Date of Award

5-2014

Document Type

Dissertation

Degree Name

Doctor of Philosophy (PhD)

Legacy Department

Healthcare Genetics

Advisor

Eggert, Julia A

Committee Member

Crandall, Lee A

Committee Member

Holaday, Bonnie

Committee Member

Parker, Veronica

Abstract

Genetic advancements during the latter part of the 20th century and the beginning of the 21st century have presented individuals, the medical community, and legislators at state and federal levels, with numerous genetic discrimination predicaments. Oncology nurses need to be knowledgeable about GINA (The Genetic Information Nondiscrimination Act of 2008) and its applications to clinical practice. GINA is the first federal law passed to protect United States' citizens with inherited disorders from being treated unfairly due to their genetic make-up. Understanding the legislation known as GINA, including how it modifies existing federal laws governing health insurance coverage and employment discrimination, can assist oncology nurses in providing important education and advocating for their patients and extended families. Federal agencies that govern and enforce GINA's provisions will be identified. Case situations are included to demonstrate how to apply information concerning GINA to the oncology patient/family considering or having already completed genetic testing. Concerns about missing elements in GINA and their impact will also be addressed, so oncology nurses can offer colleagues and patients an explanation of the pros and cons of the new law. Since GINA was completely enacted in 2009; oncology nurses need to be aware of GINA's provisions and its associated shortcomings in order to assist their patients and the families to make informed decisions regarding genetic testing. Privacy of genetic information is a timely issue, though not easy to understand, so provisions of GINA need to addressed and carefully evaluated.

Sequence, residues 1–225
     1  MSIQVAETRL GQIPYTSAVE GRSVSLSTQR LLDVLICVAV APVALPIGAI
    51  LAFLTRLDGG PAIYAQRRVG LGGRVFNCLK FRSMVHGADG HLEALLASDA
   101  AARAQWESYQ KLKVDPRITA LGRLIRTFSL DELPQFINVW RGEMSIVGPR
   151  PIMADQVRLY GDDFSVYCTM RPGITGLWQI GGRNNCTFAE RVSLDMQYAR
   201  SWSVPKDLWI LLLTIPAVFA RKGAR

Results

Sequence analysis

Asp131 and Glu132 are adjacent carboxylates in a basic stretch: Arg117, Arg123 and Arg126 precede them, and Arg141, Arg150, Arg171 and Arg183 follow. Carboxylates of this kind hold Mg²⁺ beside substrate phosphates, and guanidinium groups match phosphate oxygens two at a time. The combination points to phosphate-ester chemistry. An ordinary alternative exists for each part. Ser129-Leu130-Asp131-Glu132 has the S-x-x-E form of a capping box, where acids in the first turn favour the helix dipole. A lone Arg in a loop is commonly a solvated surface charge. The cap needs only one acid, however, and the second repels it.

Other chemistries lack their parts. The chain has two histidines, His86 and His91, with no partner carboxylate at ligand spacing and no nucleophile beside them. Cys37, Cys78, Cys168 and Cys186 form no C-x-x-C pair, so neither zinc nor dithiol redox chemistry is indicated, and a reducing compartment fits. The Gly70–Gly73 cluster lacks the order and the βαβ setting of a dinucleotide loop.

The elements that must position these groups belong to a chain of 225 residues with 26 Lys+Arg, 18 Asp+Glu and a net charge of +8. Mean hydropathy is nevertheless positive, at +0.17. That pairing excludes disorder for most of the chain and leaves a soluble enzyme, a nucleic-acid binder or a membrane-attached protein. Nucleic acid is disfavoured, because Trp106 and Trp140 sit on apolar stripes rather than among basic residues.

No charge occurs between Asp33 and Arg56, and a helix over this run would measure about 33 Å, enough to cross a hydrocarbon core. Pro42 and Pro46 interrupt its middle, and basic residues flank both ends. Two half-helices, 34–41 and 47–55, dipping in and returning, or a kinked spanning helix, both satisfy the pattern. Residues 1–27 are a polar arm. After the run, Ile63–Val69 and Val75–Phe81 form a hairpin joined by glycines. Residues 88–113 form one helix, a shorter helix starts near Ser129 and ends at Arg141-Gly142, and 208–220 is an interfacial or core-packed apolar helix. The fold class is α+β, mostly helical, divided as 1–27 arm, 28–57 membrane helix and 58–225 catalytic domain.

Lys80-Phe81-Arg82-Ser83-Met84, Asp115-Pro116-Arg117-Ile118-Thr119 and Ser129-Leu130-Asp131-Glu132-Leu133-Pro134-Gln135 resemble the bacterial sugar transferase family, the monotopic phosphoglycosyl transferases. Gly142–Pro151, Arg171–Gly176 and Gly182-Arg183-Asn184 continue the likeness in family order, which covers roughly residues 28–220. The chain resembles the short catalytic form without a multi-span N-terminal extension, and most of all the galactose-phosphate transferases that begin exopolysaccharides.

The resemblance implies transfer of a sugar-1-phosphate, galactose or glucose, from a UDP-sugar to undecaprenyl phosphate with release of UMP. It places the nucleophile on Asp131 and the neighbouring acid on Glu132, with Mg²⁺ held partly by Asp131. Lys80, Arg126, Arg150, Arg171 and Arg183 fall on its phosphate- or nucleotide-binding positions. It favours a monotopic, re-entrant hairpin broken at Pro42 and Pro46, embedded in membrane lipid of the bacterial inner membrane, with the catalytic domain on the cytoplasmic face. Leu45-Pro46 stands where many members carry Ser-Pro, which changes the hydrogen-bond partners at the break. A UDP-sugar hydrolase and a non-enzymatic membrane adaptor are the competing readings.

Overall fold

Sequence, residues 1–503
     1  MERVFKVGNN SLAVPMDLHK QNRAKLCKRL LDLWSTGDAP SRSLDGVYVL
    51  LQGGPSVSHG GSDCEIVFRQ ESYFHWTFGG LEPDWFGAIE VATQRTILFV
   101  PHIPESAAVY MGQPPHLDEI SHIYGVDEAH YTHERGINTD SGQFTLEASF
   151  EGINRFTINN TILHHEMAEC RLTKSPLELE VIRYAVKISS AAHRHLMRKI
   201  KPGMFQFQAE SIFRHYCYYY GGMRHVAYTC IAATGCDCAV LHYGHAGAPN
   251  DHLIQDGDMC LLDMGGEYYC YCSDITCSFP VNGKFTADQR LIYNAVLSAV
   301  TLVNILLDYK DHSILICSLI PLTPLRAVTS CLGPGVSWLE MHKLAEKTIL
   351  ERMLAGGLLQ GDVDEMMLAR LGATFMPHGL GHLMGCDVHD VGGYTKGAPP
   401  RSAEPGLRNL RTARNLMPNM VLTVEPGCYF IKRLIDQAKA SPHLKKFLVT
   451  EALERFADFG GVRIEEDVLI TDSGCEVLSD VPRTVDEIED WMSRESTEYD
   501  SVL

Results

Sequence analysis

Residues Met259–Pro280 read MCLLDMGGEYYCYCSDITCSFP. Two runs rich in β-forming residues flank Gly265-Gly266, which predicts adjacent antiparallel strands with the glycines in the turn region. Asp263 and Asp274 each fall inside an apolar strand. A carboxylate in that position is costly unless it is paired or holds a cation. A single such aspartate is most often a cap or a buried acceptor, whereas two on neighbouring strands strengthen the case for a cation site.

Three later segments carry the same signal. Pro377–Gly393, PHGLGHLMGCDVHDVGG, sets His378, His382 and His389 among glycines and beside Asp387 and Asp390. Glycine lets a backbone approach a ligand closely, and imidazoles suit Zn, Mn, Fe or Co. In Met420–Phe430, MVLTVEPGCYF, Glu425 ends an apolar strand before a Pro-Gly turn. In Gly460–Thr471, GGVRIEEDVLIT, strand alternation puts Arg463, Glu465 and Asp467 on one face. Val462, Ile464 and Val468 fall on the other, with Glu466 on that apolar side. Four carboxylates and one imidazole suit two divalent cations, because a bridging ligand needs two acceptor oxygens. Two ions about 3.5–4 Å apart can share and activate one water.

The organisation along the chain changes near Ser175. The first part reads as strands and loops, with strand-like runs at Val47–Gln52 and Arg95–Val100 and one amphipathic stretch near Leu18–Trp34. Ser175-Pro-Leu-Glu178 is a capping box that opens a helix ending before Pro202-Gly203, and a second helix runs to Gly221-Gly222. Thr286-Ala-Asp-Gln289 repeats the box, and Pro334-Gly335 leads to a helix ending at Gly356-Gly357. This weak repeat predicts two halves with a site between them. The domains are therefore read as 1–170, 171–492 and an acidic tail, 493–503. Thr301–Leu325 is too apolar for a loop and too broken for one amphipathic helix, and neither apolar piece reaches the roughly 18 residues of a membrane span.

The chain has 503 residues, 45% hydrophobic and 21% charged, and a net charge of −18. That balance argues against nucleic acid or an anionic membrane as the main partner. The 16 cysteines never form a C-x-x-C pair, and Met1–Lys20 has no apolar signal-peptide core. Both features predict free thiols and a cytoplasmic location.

Included in

Nursing Commons

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